The Data Access Layer abstracts your data requests away from the rest of your application and prevents your Biz Layer from needing to know where your data comes from.
In it’s simplest form a DAL is a class that pulls data from a data source(SqlServer, MySql, an XML File, a web service, the Cloud, etc.) populates a data entity and returns it to the Biz layer for some the DAL is simply a Object Relational Mapper like NHibernate or The Entity Framework, while this is fine, I would recommend against it for the simple reason that I want the Biz to know as little about where the data comes from as possible and if it’s talking directly to Entity Framework then it has more knowledge about how the system is setup then it should; and what happens if you have to change ORM Tools? I think ORM tools are for the most part great, but I strongly feel you should abstract them away preferably using an interface this makes it much easier to swap of the underlying code if you have to, plus it makes it much easy to test.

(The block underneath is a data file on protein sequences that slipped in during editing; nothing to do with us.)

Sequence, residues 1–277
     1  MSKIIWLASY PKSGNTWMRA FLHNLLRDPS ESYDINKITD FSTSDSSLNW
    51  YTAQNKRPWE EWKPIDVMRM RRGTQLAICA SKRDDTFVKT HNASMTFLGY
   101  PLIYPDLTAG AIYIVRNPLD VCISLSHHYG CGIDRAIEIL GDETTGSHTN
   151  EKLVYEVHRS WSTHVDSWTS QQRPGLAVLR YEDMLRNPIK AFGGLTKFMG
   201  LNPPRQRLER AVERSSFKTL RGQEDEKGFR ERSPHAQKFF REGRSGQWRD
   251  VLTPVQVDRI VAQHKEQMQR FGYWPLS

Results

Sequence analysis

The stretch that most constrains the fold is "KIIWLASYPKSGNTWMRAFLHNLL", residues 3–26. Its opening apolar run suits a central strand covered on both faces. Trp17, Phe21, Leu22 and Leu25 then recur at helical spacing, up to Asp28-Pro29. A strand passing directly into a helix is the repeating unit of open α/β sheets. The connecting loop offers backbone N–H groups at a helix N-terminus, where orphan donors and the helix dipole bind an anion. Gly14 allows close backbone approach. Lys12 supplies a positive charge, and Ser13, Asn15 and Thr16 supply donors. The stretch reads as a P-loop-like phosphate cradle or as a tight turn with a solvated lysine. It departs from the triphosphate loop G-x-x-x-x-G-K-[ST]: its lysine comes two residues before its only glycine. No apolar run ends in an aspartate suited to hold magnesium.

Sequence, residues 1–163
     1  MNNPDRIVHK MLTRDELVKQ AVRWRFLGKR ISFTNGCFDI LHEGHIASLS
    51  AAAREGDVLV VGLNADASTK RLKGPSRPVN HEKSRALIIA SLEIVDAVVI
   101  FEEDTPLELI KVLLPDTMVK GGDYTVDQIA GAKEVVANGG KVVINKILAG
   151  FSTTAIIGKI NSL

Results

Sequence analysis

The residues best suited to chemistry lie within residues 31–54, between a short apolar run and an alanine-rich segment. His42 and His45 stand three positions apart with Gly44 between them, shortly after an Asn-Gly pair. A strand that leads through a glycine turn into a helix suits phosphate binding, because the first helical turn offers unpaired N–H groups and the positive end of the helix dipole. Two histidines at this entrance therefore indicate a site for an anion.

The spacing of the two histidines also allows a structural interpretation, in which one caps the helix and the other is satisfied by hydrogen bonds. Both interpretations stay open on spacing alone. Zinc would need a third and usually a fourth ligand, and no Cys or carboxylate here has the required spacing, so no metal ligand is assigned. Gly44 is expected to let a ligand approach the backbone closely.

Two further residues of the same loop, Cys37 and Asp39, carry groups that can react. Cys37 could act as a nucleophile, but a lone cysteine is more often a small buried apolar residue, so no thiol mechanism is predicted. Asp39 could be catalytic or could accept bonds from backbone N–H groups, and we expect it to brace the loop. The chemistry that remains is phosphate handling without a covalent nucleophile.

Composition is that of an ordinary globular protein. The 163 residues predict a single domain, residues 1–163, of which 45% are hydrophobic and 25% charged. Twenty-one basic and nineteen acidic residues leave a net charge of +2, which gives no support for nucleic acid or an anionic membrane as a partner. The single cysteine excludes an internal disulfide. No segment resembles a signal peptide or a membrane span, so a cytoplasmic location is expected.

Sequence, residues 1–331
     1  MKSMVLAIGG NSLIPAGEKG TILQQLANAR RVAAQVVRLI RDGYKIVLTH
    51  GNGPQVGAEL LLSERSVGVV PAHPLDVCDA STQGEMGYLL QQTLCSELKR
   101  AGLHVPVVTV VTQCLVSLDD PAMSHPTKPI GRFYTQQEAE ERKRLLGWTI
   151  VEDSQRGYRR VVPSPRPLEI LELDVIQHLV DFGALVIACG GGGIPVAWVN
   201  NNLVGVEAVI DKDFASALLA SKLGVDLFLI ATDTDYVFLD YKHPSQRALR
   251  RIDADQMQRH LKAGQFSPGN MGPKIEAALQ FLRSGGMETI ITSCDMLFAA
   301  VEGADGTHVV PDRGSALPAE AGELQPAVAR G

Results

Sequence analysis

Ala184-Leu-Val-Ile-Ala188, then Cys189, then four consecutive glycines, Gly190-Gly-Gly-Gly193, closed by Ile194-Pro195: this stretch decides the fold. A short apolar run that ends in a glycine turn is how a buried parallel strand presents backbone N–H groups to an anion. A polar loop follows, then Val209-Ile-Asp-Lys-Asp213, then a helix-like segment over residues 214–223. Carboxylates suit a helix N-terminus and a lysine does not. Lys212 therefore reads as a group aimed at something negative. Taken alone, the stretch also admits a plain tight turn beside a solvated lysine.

One type of ORM I would suggest you avoid are the code gen ORMs like subsonic, it’s quick and easy to pull your data entities, but your now very strongly tied to your database schema and database changes affect your entire application, also what if not all of your requests are to a database, at work we have several products that use 3rd party web services that tie into data from the database and are returned to the Biz Layer, that’s hard to do if your entities are being build for you by a code generator.
Finally there are only 2 really solid rules for the DAL
1: Expose as little about your data sources as possible, this prevents them from being too tightly coupled to your data source. Recently we switched data vendors for one of our products, as far as the rest of the application knew nothing had changed even though the underlying web service was completely different.
2: The only logic in the DAL is to filter data and map it to data entities, at this point all of your validation should be done (that’s the Biz layers job).